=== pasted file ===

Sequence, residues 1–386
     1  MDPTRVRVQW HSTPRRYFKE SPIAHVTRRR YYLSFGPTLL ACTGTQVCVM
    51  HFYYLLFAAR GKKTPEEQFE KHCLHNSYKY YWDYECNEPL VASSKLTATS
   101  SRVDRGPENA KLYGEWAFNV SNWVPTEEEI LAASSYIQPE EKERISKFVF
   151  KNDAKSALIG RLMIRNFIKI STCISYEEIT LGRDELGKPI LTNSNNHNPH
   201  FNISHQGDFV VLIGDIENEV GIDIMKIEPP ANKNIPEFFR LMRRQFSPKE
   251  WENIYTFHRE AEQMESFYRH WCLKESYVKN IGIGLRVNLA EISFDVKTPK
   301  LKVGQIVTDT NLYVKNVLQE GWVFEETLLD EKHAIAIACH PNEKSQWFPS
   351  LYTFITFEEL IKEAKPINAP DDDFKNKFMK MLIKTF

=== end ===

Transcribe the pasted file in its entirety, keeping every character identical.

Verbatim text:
Sequence, residues 1–386
     1  MDPTRVRVQW HSTPRRYFKE SPIAHVTRRR YYLSFGPTLL ACTGTQVCVM
    51  HFYYLLFAAR GKKTPEEQFE KHCLHNSYKY YWDYECNEPL VASSKLTATS
   101  SRVDRGPENA KLYGEWAFNV SNWVPTEEEI LAASSYIQPE EKERISKFVF
   151  KNDAKSALIG RLMIRNFIKI STCISYEEIT LGRDELGKPI LTNSNNHNPH
   201  FNISHQGDFV VLIGDIENEV GIDIMKIEPP ANKNIPEFFR LMRRQFSPKE
   251  WENIYTFHRE AEQMESFYRH WCLKESYVKN IGIGLRVNLA EISFDVKTPK
   301  LKVGQIVTDT NLYVKNVLQE GWVFEETLLD EKHAIAIACH PNEKSQWFPS
   351  LYTFITFEEL IKEAKPINAP DDDFKNKFMK MLIKTF